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Baby boomers seeking immortality are considering blood transfusions from millennials

When former mortician Bill Faloon co-founded the Church of Perpetual Life in Florida five years ago, it wasn’t to bring people together to worship immortality — it was to achieve it. “I never accepted death as being inevitable,” Faloon told his congregation in 2015. “Technology will advance to the point where death is rather optional.”

Photo: Getty Images

This February, he introduced what he seems to consider the most promising immortality option thus far: infusing older people with the blood of young, healthy millennials. While the idea that immortality can be achieved through transfusions of young people’s blood is still scientifically unfounded, that didn’t dissuade roughly 120 wealthy baby boomers from attending a luxury lunch on the topic last month.

Rebecca Robbins, a reporter from medical news site STAT, attended the $195 luncheon at a “wealthy beachside enclave” in Florida, where guests listened to Faloon’s theory. 

Faloon’s zealous quest for longevity is evidently alluring to an older population, some of whom flew in from as far as Spain to hear about the next big thing in the world of aging. “Not only do you get to potentially live longer … but you’re going to be healthier,” Faloon continued. “And some of the chronic problems you have now may disappear.”

Faloon is not the creator of this theory, he’s just the face of it. The doctor touting the benefits of blood transfusions — and the one who says he’s launching a study on it — is Dipnarine Maharaj. A hematologist based in Florida, Dr. Maharaj is founder and medical director of the Maharaj Institute, where he performs outpatient bone-marrow and stem-cell transplants.

His clinic and his philosophy revolve around what’s called “immune regenerative medicine” a procedure defined on his website as “the process of replacing or ‘regenerating’ human cells, tissues or organs to restore or establish normal function.” The idea of transfusing young blood into a body suffering the effects of aging falls into this category, making Maharaj an obvious choice to take up the crusade.

Robbins, the STAT reporter who attend the conference, said Maharaj — who said flatly that he’d found the secret to extending life — was the star of the luncheon. “We’re saying that we will defy aging,” the hematologist reportedly told the attendees. “We believe that this could benefit everyone who is here.”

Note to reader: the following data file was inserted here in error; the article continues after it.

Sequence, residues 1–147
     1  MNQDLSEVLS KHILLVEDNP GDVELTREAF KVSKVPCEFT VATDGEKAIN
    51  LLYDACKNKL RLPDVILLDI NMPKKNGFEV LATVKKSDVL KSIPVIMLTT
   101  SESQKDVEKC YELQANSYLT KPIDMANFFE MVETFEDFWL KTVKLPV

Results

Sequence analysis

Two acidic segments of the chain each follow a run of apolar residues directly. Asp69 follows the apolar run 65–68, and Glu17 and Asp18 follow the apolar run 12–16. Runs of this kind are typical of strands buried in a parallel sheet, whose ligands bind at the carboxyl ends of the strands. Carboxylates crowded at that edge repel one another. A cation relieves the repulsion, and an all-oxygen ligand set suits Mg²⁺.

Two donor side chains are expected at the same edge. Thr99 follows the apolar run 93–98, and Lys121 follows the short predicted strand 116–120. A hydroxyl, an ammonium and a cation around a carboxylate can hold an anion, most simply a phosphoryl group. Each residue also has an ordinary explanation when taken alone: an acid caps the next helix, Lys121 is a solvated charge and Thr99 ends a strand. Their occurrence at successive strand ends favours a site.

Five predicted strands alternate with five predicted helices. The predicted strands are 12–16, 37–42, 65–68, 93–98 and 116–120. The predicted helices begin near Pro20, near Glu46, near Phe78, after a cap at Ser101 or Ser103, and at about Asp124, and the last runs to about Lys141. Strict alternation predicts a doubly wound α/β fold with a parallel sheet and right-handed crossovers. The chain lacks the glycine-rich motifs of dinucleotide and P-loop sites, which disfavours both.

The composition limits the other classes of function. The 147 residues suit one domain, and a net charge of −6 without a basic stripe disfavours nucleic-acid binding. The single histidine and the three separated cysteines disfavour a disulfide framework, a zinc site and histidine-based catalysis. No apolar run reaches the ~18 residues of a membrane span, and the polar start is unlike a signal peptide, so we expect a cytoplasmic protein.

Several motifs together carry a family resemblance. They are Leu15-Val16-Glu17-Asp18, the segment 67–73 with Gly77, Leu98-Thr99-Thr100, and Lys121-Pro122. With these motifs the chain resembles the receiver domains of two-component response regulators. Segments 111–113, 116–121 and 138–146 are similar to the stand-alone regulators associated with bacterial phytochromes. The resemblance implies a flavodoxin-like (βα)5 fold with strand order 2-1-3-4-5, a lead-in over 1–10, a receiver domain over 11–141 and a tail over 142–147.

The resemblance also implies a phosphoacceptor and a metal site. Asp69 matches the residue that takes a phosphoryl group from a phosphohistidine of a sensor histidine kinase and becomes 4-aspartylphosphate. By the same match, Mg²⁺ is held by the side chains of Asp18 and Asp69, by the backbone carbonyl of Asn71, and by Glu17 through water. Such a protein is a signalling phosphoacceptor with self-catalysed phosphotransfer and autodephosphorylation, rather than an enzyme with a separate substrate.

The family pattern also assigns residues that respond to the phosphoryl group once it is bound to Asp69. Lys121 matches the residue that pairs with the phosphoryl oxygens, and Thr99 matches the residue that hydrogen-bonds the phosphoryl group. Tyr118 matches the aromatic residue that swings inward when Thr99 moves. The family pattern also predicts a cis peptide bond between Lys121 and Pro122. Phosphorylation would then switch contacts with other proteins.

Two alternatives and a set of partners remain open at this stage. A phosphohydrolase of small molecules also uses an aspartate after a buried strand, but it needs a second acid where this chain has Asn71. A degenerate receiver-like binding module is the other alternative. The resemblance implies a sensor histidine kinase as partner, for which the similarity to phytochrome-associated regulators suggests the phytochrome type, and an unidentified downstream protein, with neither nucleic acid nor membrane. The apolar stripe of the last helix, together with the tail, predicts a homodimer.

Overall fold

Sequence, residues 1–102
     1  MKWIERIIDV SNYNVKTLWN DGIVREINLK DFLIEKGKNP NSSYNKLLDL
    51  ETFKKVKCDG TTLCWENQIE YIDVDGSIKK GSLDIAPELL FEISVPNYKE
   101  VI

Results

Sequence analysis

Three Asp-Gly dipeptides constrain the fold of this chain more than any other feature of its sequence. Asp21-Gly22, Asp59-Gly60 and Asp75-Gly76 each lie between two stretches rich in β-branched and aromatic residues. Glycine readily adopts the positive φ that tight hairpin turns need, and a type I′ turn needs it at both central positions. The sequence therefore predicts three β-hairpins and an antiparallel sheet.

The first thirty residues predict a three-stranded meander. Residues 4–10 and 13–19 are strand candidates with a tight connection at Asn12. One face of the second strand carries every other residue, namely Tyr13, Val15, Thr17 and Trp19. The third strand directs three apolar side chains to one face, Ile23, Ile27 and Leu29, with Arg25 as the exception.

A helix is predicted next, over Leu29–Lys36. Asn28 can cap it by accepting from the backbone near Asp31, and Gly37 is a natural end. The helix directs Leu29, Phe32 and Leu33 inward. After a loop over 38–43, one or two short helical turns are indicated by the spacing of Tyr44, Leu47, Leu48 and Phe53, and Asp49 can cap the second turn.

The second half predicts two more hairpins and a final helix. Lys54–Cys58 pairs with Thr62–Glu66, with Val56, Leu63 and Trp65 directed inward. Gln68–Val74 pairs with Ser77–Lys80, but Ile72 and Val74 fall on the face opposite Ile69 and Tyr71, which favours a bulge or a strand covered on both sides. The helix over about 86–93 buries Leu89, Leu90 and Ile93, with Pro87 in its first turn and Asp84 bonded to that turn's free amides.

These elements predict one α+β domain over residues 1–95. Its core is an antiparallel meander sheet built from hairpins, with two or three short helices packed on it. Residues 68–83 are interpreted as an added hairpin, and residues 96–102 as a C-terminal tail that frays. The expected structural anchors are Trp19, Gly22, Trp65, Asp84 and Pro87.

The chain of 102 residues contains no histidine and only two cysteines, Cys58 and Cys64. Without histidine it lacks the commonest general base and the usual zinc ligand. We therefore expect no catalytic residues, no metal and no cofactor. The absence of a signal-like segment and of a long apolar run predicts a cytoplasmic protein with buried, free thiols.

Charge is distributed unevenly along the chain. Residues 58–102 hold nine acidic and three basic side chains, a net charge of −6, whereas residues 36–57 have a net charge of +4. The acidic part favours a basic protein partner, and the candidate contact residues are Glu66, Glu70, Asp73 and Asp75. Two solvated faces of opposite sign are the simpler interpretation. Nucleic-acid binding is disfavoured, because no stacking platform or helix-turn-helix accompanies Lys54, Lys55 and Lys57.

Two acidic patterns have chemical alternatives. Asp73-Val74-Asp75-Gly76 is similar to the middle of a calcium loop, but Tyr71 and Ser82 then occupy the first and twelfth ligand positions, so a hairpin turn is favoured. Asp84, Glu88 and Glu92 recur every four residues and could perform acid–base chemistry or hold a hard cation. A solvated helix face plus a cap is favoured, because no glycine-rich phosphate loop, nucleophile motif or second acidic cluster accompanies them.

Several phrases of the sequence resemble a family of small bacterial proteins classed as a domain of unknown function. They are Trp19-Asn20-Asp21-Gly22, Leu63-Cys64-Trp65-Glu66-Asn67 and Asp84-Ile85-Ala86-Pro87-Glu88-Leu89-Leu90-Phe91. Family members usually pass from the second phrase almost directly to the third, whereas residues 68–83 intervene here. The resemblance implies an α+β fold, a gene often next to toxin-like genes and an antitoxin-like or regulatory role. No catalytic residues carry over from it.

Donors must be between the ages of 18-35 (Photo: Getty Images)

The ultimate goal of the luncheon, was to recruit individuals to participate in what Maharaj claims is a soon-to-be launching study that’s allegedly approved by the U.S. Food and Drug Administration (FDA). In handouts Robbins obtained from the conference, Maharaj outlines exactly what the study requires.

Participants must be between the ages of 55 and 95 and have a “clinical frailty score between 4-7” (meaning they are experiencing things like weight loss, slow walking speed, and decreased physical activity). The 30 individuals who qualify will not only have to submit to monthly blood transfusions, but also pay $285,000 just to enroll — a result of Maharaj’s inability, he told them, to secure funding.

To qualify as a donor, individuals have to be between 18 and 35 and weigh more than 150 pounds. Those who sign on as donors will be paid $750, but have to agree to be injected with Granulocyte-colony stimulating factor (G-CSF), a medicine that’s often administered after chemotherapy to help patients recover (or before someone donates stem cells). It basically bolsters the immune system by stimulating the bone marrow to make more white blood cells.

Maharaj’s thinking is that this will increase the chances of leading to regeneration in the people who receive the transfusions. It’s a concept that has been percolating in both the science world and the media for several years, most recently in a Washington Post piece titled “Giving young blood to older animals raises tantalizing possibilities for people.”

In it, the author details a 2014 paper from researchers at Harvard University, one in which scientists sewed together 2-month-old mice together and 15-month-old mice (joining their circulatory systems) to see if the younger blood would have an impact on the older mice. It did, but not a life-extending one. What scientists found was improved memory and learning in the older mice, suggesting that the new blood helped their brains form new neurons. The idea that young blood can offer rejuvenation” is enticing, for obvious reasons, but it’s a theory that remains untested in humans.

When STAT spoke with one of the researchers who has studied the topic in mice, she rejected the notion that her work provides a “scientific basis” for the clinical trial. Other researchers expressed the same, saying it was a significant leap to tell people that the same effect would occur in humans.

The FDA website currently shows no pending studies which match Maharaj’s description. A spokeswoman for the FDA Lauren Dyer Smith tells Yahoo Lifestyle that a clinician who wants to test an unapproved product in humans must first submit it to the FDA, but that the FDA “cannot confirm the existence of or comment on an current or pending product applications.” In other words, she’s unable to confirm it. When asked to do the same by Yahoo Lifestyle, neither Faloon nor Maharaj could be reached.

In the interim, it’s STAT’s on-the-ground reporting that stands alone — a report that leaves little doubt where the medical community stands on the issue. “It just reeks of snake oil,” Michael Conboy, an assistant researcher at the University of California, Berkeley, told Robbins. “There’s no evidence in my mind that it’s going to work.”

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